Presley, Adams debate details of coal project consumer impact

Of the three incumbents RUNNING for re-election to the Mississippi Public Service Commission — which regulates public electric, gas, telecommunications, water and sewer utilities — only one faces a serious challenger.

Brandon Presley

Northern District Commissioner and Democrat Brandon Presley is opposed by Republican Boyce Adams. Both have raised significant campaign funds — Presley with $150,000 and Adams with $142,000. Both candidates view Mississippi Power Company’s multi-billion dollar clean coal plant under construction in Kemper County as a central issue of the race.

Presley, former mayor of Nettleton, is running for his second term as Commissioner. He serves as a board member of the National Regulatory Research Institute (NRRI) and was elected to serve as vice president of the Entergy Regional State Committee (E-RSC) which is composed of state regulators from Mississippi, Arkansas, Louisiana, Texas and the City of New Orleans.

Boyce Adams

Adams, who did not respond to multiple requests for an interview, is an executive and owner at technology software provider BankTEL Systems. According to www.boyceadams.com, Adams served as a “Presidential Appointee at the Federal Aviation Administration and at the White House under President George W. Bush (and) worked in the Office of Presidential Personnel focusing on presidential appointments to the energy regulatory institutions.”

Presley said the Kemper County plant “is the issue in this race. (Adams) is for it, and I’m against it. He has gone out of his way to come out for this job-killing rate hike.”

As with all utility infrastructure improvements, utility customers are charged for the cost of projects plus a return on investment to the appropriate utility company.

“This guy is either not informed, not independent-minded, or both. At first he said he wasn’t sure about rate hikes. Then he said in (Northeast Mississippi) Daily Journal there wasn’t going to be a rate hike. Every position he’s taken has been a pro-utility stance. Anybody with half sense knows that a $2.8 billion expenditure is going to raise rates 45 percent and kill jobs,” Presley said.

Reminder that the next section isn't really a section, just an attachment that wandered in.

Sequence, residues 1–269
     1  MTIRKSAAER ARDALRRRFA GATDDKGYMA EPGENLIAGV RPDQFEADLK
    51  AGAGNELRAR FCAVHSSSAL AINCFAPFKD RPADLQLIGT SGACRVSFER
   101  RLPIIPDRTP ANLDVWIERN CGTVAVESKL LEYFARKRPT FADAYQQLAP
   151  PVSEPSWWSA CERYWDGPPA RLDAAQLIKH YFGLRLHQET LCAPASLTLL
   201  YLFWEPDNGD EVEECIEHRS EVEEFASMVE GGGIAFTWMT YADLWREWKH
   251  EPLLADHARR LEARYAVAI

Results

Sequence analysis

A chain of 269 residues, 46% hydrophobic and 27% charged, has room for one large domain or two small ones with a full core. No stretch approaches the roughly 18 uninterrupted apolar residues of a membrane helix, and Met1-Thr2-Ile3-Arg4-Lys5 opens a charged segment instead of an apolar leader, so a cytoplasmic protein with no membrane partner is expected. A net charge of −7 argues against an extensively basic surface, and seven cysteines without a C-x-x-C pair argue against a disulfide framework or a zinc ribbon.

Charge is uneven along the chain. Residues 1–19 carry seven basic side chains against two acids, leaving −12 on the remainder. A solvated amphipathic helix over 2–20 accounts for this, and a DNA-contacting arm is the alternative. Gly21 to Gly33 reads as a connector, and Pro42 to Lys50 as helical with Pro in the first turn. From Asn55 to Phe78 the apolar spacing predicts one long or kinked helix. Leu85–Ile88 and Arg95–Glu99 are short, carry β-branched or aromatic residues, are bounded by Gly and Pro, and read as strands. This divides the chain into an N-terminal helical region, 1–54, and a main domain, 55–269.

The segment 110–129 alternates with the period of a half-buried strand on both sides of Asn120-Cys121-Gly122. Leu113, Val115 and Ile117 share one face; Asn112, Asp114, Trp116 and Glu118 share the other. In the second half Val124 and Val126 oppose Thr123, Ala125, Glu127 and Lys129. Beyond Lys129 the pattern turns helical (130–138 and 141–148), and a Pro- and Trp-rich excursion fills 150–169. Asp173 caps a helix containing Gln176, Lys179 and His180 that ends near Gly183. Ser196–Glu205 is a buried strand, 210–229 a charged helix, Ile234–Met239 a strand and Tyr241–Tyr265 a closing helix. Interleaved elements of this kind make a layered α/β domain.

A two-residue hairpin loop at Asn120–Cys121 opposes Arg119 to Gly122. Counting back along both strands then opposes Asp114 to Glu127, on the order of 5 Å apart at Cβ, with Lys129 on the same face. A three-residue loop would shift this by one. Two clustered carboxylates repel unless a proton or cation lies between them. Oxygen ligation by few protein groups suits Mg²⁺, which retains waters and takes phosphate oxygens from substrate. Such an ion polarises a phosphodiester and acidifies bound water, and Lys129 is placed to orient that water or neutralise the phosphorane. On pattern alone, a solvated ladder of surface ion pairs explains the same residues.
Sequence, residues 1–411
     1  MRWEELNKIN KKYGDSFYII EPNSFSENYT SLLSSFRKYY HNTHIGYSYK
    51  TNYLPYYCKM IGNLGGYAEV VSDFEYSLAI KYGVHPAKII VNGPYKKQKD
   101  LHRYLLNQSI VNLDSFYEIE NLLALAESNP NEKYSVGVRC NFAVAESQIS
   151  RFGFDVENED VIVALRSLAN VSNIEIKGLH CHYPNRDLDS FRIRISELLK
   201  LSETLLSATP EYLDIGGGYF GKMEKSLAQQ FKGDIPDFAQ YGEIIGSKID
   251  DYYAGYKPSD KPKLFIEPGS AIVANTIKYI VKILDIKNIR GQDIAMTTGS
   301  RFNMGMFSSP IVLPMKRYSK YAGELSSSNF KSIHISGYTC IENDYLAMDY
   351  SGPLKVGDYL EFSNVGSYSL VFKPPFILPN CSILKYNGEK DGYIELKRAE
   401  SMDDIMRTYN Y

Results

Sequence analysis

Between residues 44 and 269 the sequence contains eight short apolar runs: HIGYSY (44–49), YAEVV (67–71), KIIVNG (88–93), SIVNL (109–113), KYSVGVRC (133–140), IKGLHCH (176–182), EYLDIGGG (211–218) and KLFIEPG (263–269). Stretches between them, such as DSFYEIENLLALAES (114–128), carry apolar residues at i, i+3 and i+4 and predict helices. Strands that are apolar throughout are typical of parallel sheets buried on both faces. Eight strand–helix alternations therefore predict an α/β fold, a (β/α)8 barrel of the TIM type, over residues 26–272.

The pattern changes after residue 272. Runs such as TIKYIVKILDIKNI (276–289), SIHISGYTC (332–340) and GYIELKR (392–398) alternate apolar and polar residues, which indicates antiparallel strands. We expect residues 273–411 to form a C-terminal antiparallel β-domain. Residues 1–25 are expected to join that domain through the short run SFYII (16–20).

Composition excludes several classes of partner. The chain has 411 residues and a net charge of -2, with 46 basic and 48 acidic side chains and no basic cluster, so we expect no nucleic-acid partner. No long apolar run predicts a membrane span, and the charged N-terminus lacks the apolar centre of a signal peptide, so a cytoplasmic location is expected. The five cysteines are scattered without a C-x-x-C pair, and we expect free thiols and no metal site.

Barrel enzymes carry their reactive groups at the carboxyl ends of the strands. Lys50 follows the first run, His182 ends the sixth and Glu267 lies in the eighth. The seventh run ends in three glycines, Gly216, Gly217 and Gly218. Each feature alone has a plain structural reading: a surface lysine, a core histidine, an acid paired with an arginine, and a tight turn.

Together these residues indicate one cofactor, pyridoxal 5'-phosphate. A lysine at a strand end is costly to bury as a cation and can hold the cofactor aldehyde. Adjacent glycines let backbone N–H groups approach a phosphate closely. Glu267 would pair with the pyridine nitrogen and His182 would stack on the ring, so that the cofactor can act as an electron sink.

A Northeast Mississippi Daily Journal story reports Adams as saying, “There is no rate hike associated with the project.”

According to a 2009 document filed with the Commission, the Kemper plant could make customer rates go up by about 45 percent. Mississippi Power Company told poultry farmers that their rates would rise by 30 percent.

While Presley views the plant as a job-killer, Adams touts it as an economic development project, telling the Journal, “It’d bring more jobs and power to Mississippi.”

Presley is confident he’ll be re-elected. “My record is standing up against both the Obama administration and Gov. Barbour when they wanted this plant. It shows I’m independent-minded and I do my own thinking,” he said.

Presley referred to a statement made by U.S. Secretary of Energy Steven Chu at a meeting of the Obama administration’s Interagency Task Force on Carbon Capture and Storage in May 2010, in which he said hoped the Mississippi Commission would give its permission for the Kemper project to be built.


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